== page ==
Serendipity kicked in after I got off the phone when I remembered that Amazon had just delivered a box of Turkish Delight Pomegranate Pistachio jells. (A Christmas present for myself.) Oh-my-god are they good and with a 65% sugar content these small cubes of candy melt in your mouth. Supposedly they were developed in its current form in the 10th century by Arabic apothecaries and they are the great-granddaddy to our modern day jelly beans when a smart confectioner in Boston in the 1860s put a hard sugar shell on them instead of the classic powdered sugar. Turkish Delights are also known as “Lokum” named after the Sultan who helped to popularized them around the world. Who knew jelly beans came with such an interesting back story. Anyway, I got out some paper cups made to hold mini tarts and I filled fifteen of them up with Turkish Delights to pass around.

This exercise in sharing something we love was more fun than I expected it to be. Everyone told a story about why they brought what they brought. My niece-in-law handed out circus peanuts, one of her daughter’s brought chap sticks for everyone. Twinkies, Ding Dongs, beef jerky sticks, Reese's Peanut Butter cups, incense, Pepsi, new car scent tags for our cars----lots of laughter came with the stories. I told the history of the Turkish Delights and how one of my guilty pleasures is to occasionally try something new that’s made in another country. Several of the stories were so sentimental they came with tears as people told about the long-gone person who introduced them to their comfort food. And it was great hearing people talk about their Uncle Don (my husband). Everyone knew he would have brought coffee and our sister-in-law---the mother or grandmother of everyone in attendance---would have brought slices of Polish kielbasa. It’s kind of cool, really, how certain foods can bring back memories of certain people. My dad was the Fig Newton cookies guy and I can’t see Brach's Orange Slices candy without remembering my mom.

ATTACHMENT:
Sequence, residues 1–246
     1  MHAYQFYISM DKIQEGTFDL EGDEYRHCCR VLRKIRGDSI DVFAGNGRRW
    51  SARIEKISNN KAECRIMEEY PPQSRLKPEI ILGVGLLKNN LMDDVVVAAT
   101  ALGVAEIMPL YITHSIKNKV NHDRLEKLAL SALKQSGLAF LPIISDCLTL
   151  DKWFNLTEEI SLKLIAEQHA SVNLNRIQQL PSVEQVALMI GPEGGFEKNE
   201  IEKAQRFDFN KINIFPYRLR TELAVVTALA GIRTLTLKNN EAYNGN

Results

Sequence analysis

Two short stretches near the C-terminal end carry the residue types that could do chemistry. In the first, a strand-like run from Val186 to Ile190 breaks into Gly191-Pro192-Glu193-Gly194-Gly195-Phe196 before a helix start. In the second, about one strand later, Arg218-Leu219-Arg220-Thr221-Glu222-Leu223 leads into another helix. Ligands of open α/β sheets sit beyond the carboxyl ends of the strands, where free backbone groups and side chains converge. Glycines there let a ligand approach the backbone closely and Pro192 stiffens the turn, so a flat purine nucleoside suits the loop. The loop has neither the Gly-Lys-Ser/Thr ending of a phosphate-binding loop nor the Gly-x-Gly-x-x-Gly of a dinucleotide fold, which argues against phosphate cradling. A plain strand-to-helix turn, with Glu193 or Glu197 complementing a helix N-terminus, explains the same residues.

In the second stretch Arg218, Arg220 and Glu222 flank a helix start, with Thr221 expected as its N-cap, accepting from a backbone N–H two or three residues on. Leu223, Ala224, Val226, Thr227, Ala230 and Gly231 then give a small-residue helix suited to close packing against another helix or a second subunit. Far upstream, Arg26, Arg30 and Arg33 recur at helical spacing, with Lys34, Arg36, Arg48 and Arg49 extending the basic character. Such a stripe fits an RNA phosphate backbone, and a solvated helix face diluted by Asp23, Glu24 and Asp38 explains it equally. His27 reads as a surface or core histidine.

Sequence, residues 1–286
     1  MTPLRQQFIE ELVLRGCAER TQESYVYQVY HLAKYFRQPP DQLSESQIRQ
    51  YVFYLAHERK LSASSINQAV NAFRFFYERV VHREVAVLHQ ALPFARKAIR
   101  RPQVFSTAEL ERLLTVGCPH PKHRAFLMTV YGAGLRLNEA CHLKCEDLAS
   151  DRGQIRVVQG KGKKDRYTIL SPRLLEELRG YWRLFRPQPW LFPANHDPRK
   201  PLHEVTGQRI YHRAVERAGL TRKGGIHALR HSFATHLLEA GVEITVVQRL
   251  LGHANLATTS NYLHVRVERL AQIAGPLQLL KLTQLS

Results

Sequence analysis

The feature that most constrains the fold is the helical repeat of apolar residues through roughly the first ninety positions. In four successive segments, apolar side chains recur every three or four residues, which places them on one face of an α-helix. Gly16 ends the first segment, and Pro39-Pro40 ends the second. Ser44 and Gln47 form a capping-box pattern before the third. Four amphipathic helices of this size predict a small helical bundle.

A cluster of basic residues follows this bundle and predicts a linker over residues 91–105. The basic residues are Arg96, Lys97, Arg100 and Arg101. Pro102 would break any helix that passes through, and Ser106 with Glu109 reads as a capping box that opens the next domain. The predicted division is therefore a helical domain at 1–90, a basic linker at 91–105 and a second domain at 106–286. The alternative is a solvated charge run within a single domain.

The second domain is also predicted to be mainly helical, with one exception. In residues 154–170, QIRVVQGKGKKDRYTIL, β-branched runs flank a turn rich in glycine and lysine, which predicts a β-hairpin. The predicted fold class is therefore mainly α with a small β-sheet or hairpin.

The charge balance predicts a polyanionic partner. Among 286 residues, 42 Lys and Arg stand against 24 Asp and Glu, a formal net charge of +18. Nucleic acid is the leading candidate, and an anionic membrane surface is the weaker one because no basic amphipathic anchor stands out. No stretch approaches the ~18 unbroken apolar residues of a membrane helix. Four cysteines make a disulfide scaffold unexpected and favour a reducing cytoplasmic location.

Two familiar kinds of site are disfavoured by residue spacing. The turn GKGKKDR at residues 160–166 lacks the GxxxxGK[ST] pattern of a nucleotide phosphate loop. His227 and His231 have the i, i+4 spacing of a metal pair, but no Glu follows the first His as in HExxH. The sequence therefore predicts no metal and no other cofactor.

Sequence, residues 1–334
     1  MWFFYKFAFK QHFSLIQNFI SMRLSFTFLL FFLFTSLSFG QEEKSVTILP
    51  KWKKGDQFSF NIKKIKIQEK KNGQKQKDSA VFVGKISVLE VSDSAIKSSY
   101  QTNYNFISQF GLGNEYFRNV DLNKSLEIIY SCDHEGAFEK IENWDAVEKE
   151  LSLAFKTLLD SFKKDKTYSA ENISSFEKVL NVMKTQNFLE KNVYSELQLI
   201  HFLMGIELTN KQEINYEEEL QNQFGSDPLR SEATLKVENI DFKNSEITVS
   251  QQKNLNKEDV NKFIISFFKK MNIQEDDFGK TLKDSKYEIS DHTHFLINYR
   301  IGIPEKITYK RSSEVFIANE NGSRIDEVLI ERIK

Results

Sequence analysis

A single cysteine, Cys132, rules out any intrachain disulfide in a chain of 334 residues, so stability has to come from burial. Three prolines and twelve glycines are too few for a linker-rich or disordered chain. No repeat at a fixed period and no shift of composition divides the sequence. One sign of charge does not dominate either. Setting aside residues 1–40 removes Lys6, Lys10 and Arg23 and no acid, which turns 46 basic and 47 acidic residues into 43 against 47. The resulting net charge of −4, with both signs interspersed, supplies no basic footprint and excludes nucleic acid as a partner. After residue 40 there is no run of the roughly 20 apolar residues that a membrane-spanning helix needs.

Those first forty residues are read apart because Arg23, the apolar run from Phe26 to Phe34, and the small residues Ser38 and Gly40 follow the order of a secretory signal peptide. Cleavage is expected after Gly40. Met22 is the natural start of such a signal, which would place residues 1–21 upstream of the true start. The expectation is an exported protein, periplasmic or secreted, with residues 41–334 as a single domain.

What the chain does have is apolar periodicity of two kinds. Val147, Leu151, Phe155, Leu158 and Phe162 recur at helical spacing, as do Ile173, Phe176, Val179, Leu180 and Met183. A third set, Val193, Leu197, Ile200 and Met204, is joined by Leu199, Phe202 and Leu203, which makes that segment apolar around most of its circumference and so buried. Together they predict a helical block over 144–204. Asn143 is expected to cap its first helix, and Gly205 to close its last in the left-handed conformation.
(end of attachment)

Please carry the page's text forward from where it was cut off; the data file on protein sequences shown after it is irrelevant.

Thanksgiving was a day of good food and fellowship and I came home with enough food for two more meals (plus a bag full of favorite things). No family in my life-long experience has ever had so many good cooks as in my husband’s. And no one had their noses buried in a cell phone. Being the oldest person in the room it was quite obvious---at least to me---that I crossed over ‘The Line’ a few times when I blurted out things I probably shouldn’t have, the way old people and young children do. For example, after my niece-in-law’s husband said, “I’m always careful” I blurted out “And yet you ended up with all these kids.” He was talking about carpentry but everyone laughed at my joke. It was one of those rare afternoons when I didn’t try to edit any of the words that passed over my lips. Unconsciously I knew that no matter what transgression I could make, I’d be forgiven. “That’s just Aunt Jean” and we love her flaws and all.

Why would they cut me slack when others might not get it? Because I came into the family 48 years ago as the barefoot, hippie girlfriend of the family’s baby brother. Don’s oldest brother---the deceased father or grandfather of everyone there on Thanksgiving---got a kick out of how much I shocked the uptight, next-in-line brother and how much I confused the ever elegant Cary Grant-like third-in-line brother. I was just as likely to sit down on the floor and play with the kids as I was to hang out with the adults. I didn’t drink or smoke but I could ride the pink elephant in the near-by park and I loved board games. They didn’t understand me but in their eyes I was a good influence on their baby brother. I only met Don’s father once because he died soon after but he sealed the deal for me when he told the family, “This is 'The One' Don needs to settle done with.” I remember that day as if it was yesterday. I was wearing a t-shirt with two giant foot prints on my chest and all the other ladies were dressed in their Sunday best---I didn’t know I was going to meet the family that day---and I sat on a footstool next to Don’s dad. He teased me unmercifully and I gave it right back at him. The rest is history. ©